11/11/2013 10:16 am ET Updated Jan 23, 2014

The Legacy of New York's Mayors and the Promise of Bill de Blasio

With very few exceptions, New York City has always managed to elect excellent mayors, and with Bill de Blasio's election, New Yorkers have again elected a bright and talented chief executive. I admit I am a little biased since he is a graduate of Columbia's School of International and Public Affairs, where I've taught management for the past three decades. New Yorkers voted for empathy, communication skills and brainpower and they assume that their new mayor will figure out how to run the place. The job of New York City mayor has been called the second toughest job in America. This place is complicated, contentious and never quiet.

New York City is the largest local government in the United States, and local governments deliver essential services all day, every day of the year. Closing the federal government for 16 days is idiotic and destructive, but closing New York City's government for 16 days would be an unimaginable catastrophe. There would be no firefighting, police protection, emergency services, garbage pick-up, water or sewage maintenance and 1.1 million school kids would be wandering in what was left of the city's streets.

There is no way to really prepare for the job of running New York. It's learning by doing, on the job training and a constant search for competent help and sound advice. When Mike Bloomberg became mayor he found a determined but damaged city, less than 100 days from the profound horror of the destruction of the World Trade Center. He had no experience in elected office, but over time he learned the craft of political leadership. Mayor-elect de Blasio lacks the management experience that Bloomberg had, but has a wealth of experience in politics from Park Slope to Capital Hill. Over time he will learn how to be an effective public manager.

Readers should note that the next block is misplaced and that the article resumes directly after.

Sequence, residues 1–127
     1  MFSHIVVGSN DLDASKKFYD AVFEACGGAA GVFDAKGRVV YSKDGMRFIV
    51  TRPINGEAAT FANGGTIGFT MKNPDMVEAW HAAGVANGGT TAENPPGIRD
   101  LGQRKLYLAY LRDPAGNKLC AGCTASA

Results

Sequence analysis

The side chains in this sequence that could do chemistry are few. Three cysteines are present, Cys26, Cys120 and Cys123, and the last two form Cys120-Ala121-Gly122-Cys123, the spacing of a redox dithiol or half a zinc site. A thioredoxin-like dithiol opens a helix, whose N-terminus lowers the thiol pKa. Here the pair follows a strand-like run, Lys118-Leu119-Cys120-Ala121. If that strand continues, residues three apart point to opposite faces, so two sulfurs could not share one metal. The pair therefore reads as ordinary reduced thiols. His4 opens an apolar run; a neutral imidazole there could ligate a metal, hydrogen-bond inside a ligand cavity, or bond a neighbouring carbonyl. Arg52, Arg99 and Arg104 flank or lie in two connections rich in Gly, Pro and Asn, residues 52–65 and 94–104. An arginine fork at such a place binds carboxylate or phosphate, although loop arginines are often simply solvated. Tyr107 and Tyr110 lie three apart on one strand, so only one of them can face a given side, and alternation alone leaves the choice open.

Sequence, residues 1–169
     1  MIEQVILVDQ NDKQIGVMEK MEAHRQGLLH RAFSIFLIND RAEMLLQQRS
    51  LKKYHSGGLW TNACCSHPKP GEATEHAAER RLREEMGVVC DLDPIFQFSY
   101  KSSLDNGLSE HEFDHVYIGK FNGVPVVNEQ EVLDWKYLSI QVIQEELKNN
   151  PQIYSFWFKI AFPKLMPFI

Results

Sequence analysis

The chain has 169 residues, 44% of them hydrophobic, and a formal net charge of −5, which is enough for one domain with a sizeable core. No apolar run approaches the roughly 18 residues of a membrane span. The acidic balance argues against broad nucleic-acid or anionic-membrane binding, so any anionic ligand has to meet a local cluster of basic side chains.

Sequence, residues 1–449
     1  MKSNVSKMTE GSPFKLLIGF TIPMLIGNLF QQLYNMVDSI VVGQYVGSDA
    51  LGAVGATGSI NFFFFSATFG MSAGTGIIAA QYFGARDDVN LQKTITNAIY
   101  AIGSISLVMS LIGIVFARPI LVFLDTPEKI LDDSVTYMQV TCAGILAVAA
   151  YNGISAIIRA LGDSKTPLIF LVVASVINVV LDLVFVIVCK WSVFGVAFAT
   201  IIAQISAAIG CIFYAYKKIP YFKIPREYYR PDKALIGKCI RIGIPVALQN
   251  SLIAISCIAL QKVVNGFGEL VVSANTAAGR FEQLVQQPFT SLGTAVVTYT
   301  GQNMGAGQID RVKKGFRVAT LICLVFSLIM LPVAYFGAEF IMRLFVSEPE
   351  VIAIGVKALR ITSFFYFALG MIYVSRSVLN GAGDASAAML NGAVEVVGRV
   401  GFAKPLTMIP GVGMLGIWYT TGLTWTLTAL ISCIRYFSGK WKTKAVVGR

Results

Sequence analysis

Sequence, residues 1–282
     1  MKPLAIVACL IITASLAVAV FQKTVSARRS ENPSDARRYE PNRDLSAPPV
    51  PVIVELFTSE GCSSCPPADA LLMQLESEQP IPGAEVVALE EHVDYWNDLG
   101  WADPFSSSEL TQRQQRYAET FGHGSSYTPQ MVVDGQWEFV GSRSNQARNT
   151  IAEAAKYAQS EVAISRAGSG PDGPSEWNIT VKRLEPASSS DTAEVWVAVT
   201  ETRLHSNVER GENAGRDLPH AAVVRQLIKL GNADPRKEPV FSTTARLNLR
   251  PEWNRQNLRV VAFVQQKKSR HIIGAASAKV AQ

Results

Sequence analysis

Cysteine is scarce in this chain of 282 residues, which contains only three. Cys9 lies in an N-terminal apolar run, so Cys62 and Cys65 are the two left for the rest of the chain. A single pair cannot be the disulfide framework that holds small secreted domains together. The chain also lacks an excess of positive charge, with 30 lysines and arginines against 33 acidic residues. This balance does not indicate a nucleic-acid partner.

The New York that Bill de Blasio will lead is a stronger, better-managed city than it has been in generations. Yes, the middle and working class are struggling to raise families in the wake of rising costs, rising waters and rising inequality. But New York is a safer, cleaner and more livable place than it has been since the 1950s and early '60s. It is also a more tolerant, international and vibrant place than it has ever been. Racism, sexism and homophobia remain, but they are clearly on the run and less socially acceptable than they have ever been.